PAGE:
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Heineken focuses on Vietnam beer market, Tiger as a growth brand

Heineken is pouring money into Vietnam, which lags only Mexico on profitability for the Dutch beverage giant, according to the company's Asia Pacific President Frans Eusman.

Heineken has identified the Southeast Asian nation as the next key driver for its growing APAC business, as it becomes more difficult to squeeze profits from Africa, the Middle East and parts of Europe.

The 143-year-old brewer operates under two company names in Vietnam: APB Hanoi, which is wholly owned, and Vietnam Brewery, in which Heineken has a 60 percent stake.

Heineken.jpeg"We're very proud of what we've been able to create," Eusman told CNBC's "Squawk Box." "Five years ago, Heineken entered with a very small brewery when Vietnam started to open up. Now we are the number two in Vietnam."

He said Heineken saw opportunities for growth across Asia. It spent $60 million building a brewery in Myanmar in 2015 and also operates in China, India, Cambodia, Indonesia and Malaysia, holding the country's biggest market share in half of them.

The company recently signed a joint venture with Philippine beverage producer, Asia Brewery, to bring the Heineken and Tiger beer brands to the Philippines, and Eusman hinted that further deals were to come.

Meanwhile, Eusman said that Myanmar was also a "fantastic opportunity."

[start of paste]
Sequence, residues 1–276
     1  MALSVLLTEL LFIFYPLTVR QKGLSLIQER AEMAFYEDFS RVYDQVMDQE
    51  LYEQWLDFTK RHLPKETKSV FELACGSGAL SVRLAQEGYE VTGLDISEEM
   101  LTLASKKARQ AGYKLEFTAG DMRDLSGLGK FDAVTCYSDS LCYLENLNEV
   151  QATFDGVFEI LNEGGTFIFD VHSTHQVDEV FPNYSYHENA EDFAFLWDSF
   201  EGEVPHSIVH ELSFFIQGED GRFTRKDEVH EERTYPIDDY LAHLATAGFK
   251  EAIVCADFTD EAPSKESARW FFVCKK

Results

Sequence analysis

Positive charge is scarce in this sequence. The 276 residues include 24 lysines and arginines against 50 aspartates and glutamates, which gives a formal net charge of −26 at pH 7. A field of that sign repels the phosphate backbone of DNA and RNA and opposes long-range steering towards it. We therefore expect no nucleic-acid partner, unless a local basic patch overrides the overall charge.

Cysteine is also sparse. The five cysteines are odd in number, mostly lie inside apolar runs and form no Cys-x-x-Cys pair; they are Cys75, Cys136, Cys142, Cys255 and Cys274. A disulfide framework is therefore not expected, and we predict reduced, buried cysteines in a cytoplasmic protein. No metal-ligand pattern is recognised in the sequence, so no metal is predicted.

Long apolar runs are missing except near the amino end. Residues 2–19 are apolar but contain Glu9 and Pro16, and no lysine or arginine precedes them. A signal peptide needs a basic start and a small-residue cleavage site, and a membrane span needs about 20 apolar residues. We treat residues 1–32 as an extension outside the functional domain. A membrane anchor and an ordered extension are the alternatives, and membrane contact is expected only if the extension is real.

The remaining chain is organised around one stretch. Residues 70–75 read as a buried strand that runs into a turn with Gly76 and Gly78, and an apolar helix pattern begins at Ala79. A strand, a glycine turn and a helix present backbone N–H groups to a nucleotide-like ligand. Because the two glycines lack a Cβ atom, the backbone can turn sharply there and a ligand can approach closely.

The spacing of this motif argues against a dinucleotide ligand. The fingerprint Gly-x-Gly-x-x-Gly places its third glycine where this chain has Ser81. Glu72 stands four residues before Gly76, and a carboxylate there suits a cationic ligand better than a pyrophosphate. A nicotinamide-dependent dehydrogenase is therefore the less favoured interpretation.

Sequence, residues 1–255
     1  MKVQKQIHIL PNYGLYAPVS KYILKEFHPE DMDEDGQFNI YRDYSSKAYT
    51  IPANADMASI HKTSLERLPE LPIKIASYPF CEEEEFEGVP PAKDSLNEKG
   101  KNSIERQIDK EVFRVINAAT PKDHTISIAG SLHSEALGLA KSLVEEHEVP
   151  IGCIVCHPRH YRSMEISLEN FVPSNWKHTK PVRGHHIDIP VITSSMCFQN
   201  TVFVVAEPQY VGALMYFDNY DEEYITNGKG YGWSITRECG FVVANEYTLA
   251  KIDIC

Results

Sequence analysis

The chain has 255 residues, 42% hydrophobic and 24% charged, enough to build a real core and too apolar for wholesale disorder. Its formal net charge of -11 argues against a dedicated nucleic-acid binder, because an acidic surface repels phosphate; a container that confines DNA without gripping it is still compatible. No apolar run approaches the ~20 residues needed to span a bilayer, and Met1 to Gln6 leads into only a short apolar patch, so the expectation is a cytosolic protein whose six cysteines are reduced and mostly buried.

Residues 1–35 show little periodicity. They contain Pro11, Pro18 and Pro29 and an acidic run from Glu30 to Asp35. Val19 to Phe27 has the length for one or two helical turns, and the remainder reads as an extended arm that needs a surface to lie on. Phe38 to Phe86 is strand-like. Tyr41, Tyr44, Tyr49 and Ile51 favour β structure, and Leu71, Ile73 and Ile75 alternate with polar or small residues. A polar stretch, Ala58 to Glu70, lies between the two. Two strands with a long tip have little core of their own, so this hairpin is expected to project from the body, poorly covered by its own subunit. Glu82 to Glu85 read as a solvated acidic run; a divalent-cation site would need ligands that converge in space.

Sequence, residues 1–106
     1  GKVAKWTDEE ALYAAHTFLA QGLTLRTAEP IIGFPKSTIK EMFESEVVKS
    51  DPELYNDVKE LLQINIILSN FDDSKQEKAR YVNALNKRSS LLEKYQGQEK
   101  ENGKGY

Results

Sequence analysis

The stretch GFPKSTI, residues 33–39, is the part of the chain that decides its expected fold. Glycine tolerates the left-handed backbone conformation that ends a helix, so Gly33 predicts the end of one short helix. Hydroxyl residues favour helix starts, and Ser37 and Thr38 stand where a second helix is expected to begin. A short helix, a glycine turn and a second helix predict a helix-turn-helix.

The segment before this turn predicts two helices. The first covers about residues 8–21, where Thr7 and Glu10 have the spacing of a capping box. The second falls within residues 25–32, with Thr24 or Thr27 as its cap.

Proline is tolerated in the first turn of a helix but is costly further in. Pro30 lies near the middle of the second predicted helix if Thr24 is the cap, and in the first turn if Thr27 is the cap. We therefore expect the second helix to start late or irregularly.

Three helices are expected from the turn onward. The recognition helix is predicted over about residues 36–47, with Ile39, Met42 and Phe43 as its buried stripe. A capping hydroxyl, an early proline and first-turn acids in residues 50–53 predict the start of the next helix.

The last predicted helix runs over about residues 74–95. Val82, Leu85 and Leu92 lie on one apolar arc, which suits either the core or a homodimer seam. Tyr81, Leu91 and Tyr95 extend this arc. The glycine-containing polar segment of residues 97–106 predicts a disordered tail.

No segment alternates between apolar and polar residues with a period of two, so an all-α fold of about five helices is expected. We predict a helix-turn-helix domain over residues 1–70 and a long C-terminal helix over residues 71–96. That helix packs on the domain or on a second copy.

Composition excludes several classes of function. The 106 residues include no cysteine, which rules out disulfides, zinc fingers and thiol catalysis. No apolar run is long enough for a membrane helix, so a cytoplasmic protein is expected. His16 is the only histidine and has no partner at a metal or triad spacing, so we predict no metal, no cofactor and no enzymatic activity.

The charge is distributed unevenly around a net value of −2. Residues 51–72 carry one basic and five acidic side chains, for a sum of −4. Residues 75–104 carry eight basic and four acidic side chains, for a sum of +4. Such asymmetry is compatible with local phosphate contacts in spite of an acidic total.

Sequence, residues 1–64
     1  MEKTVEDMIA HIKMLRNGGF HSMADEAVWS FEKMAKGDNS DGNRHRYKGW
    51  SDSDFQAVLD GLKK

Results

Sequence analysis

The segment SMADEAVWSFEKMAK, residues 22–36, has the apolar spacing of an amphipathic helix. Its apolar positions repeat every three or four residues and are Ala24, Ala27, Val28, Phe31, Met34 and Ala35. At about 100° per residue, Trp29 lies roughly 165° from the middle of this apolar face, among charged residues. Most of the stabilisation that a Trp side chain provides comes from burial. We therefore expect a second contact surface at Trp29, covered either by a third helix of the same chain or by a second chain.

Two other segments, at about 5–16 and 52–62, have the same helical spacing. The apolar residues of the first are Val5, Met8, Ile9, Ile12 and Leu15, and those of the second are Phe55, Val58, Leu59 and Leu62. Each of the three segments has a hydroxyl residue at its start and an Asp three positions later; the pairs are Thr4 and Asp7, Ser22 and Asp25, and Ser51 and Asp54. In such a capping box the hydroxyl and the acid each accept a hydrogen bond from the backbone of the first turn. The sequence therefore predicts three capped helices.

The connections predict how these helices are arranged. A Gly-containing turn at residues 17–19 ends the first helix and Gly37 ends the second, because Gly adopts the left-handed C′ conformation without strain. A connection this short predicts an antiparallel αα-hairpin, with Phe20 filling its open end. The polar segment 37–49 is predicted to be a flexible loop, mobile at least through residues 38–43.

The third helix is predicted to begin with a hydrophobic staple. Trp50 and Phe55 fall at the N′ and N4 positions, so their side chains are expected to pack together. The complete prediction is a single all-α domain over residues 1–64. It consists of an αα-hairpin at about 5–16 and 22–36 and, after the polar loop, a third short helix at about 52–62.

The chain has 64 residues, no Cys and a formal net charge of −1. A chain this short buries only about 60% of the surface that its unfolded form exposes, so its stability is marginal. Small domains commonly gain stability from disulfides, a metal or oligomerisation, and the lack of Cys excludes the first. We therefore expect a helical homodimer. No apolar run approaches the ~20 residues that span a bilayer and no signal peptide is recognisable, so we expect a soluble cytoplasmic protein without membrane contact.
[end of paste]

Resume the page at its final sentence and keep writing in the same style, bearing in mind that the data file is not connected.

"Myanmar, in a way, resembles Vietnam maybe 10 to 25 years ago," he explained. "It has a huge young population, growing wealth, growing GDP, and more of those people have expendable income."

He said Heineken saw opportunities for growth across Asia. It spent $60 million building a brewery in Myanmar in 2015 and also operates in China, India, Cambodia, Indonesia and Malaysia, holding the country's biggest market share in half of them.

The company recently signed a joint venture with Philippine beverage producer, Asia Brewery, to bring the Heineken and Tiger beer brands to the Philippines, and Eusman hinted that further deals were to come.

Meanwhile, Eusman said that Myanmar was also a "fantastic opportunity."

"Myanmar, in a way, resembles Vietnam maybe 10 to 25 years ago," he explained. "It has a huge young population, growing wealth, growing GDP, and more of those people have expendable income."

9 Jun. 2016

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